Blunt’s resident film critic Travis Johnson casts an eye over the offering of the Coffs Harbour Screenwave International Film Festival, and he likes what he sees.
Actually, it’s a Top 15.
I couldn’t help it. This year’s slate from the Screenwave International Film Festival is all killer no filler thanks to the tireless efforts of festival honchos Dave Horsley and Kate Howat. Since 2015, they’ve been building up the Coffs Harbour event to one of the most anticipated dates on the film calendar. Their curatorial skills are truly enviable, to the point where nutting out your festival schedule leads to a lot of Sophie’s Choice moments – you just can’t see it all.
Which means that picking a top 10 for this year got backboarded into the “too hard” basket and I decided to point the interested and discerning viewer to 15 films that are worth your time. Even then, hard calls had to be made – an Aliens retrospective screening didn’t make the cut, for crying out loud. I also skewed a little towards Australian film, of which there are plenty, because it strikes me that a regional Australian film festival is the right setting to take in a lot of Australian film.
Hell, this isn’t even a Top 15, really – think of it as a sampler designed to draw you towards the full program. It’s a truly dizzying array of cinematic treats, but this guide will help you avoid being overwhelmed, starting with…
The world’s favourite cannibal, Mads Mikkelsen, reunites with The Hunt director Thomas Vinterberg for this drunken dramedy that sees four morose middle aged teachers decide to find out if life would be better if they were just a wee bit drunk every waking moment. Of course, that’s a difficult line to toe, and so tragedy and hilarity ensue in roughly equal measure. A sublime look at the joys and pitfalls of drinking culture – they should show it in schools.
A truly bonkers French/Brazilian Weird Western that sees the titular rural town wracked with political turmoil, oceans of spilled blood, and the odd UFO and/or ghost. It’s kind of like if Sergio Leone directed a Gabriel García Márquez novel, or perhaps if Alejandro Jodorowsky got tapped to direct a straight-to-Netflix action movie. Beginning with the rote genre set-up of a stranger (Bárbara Colen) arriving in in a troubled town, the film delights in subverting expectations, building up to a bloody and surreal conclusion that raises as many questions as it answers. Sônia Braga and Udo Kier co-star.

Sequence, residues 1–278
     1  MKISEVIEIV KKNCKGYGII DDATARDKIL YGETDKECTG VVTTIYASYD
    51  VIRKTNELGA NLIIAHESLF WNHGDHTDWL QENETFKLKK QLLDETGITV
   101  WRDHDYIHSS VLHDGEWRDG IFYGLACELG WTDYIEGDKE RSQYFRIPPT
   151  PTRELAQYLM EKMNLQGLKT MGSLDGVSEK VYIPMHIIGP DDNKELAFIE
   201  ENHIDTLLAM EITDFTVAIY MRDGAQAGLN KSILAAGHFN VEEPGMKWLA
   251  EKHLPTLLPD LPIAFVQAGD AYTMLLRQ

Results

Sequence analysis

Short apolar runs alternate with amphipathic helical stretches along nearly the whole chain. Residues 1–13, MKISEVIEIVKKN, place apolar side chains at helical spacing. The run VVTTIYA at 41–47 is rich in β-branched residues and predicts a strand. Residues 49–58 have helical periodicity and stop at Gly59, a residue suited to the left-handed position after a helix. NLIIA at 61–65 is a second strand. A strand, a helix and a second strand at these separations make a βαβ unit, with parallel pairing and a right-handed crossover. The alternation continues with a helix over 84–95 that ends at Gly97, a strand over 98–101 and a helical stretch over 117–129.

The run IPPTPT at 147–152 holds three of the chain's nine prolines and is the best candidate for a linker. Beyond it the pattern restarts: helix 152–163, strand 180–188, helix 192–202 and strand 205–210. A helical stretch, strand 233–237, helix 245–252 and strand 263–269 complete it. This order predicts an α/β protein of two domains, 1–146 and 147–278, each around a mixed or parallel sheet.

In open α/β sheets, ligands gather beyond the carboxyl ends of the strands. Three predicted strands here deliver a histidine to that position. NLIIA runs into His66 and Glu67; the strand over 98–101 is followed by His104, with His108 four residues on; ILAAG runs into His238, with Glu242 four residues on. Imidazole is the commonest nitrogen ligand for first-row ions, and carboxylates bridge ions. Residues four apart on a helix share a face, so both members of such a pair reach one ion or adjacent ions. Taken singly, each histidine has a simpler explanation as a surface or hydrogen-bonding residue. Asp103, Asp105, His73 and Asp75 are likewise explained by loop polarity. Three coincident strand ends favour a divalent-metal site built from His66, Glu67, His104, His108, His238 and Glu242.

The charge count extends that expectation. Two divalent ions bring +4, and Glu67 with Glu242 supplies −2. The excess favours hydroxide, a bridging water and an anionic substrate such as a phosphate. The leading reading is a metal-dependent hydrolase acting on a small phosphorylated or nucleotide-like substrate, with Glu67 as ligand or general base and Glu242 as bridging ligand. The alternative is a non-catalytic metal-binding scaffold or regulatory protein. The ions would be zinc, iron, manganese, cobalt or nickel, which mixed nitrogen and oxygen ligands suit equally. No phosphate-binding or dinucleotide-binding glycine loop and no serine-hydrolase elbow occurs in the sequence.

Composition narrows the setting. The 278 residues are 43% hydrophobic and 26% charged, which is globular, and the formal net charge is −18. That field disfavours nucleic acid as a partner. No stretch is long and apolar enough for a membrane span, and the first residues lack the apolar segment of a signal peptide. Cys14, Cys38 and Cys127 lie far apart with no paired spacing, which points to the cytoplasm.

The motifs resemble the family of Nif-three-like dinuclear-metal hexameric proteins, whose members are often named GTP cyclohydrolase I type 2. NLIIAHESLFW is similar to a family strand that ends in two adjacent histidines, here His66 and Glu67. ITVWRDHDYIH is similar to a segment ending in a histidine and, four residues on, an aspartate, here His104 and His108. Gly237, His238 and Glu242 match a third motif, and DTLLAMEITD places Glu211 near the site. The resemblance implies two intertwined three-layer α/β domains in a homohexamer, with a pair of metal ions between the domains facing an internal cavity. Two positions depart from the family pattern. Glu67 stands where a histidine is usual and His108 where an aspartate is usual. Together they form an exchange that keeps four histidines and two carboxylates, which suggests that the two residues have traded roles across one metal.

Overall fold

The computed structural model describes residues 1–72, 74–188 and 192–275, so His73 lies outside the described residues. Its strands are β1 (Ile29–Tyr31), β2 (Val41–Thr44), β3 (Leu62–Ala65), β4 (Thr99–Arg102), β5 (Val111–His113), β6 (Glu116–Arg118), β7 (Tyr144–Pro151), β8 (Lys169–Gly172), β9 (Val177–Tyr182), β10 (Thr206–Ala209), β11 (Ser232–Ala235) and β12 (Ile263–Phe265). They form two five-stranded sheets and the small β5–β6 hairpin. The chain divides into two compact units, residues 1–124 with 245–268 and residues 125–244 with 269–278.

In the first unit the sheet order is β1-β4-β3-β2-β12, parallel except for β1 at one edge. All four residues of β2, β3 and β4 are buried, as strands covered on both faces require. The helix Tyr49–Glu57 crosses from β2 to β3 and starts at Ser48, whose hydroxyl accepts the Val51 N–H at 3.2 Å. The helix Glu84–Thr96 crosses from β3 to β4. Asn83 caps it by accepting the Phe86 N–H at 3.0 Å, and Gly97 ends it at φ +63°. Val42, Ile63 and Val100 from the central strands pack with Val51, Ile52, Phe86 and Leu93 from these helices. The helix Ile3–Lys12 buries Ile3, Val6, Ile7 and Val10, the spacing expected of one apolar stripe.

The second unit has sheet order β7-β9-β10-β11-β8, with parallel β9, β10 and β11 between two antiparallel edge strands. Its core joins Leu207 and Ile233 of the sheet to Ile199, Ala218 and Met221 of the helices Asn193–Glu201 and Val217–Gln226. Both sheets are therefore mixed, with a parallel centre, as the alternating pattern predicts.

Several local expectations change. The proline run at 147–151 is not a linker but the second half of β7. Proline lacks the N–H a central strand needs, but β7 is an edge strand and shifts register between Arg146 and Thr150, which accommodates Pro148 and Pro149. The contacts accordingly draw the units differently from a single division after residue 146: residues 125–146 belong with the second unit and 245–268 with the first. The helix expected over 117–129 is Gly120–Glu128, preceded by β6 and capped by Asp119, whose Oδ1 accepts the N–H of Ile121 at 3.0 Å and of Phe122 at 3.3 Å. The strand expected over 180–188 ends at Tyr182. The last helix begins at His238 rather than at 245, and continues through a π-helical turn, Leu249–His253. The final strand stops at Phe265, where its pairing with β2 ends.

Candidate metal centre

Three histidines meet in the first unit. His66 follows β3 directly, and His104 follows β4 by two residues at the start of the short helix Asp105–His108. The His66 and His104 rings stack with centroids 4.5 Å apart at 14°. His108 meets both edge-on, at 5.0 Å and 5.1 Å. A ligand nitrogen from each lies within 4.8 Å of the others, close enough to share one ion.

Australia’s greatest war film sees three Aussie soldiers (Edward Woodward, Bryan Brown and Lewis Fitz-Gerald) on trial for war crimes. The penalty is death. Defending them is an untried Australian attorney (Jack Thompson). Did they do it? That’s kind of beside the point. Clear-eyed and cynical, this is both a stirring old-fashioned adventure and a savage indictment of the horrors of colonialism. It’s also one of a number of Jack Thompson films on the slate this year, with the acting legend appearing as a guest of the festival.
One of the most acclaimed documentaries of the past year, this utterly enthralling Romanian film delves into the aftermath of a Bucharest nightclub fire in 2015. What starts as a tragedy evolves into a nationwide scandal reaching into the upper echelons of power as journalist Cătălin Tolontan uncovers widespread corruption in the country’s medical system. A masterful procedural that’s all the more impactful for being true.
Not content with appearing in just one of the greatest concert films of all time (that’s by Jonathan Demme’s Talking Heads: Stop Making Sense), David Byrne decided to go for a twofer, this time trusting legendary filmic firebrand Spike Lee (Do the Right Thing, Da Five Bloods, etc) to handle behind-the-camera duties. The result is an absolutely electrifying cinematic and musical experience, as Byrne takes us through the length and breadth of his nigh-unparalleled career.
This year’s opening night film is a Western Australian Western and the debut feature from director Roderick MacKay. After his friend and mentor is murdered, young Afghan cameleer Hanif (Ahmed Malek) must team up with a mysterious bushman, Mal Riley (David Wenham), carrying stolen gold bars marked with the Crown’s insignia. If they can melt them down, Hanif’s share will get him home to Afghanistan – but all kinds of nasty characters are on Mal’s trail. This is a cracking adventure that pulls the sheet back on a forgotten and fascinating corner of Australian history.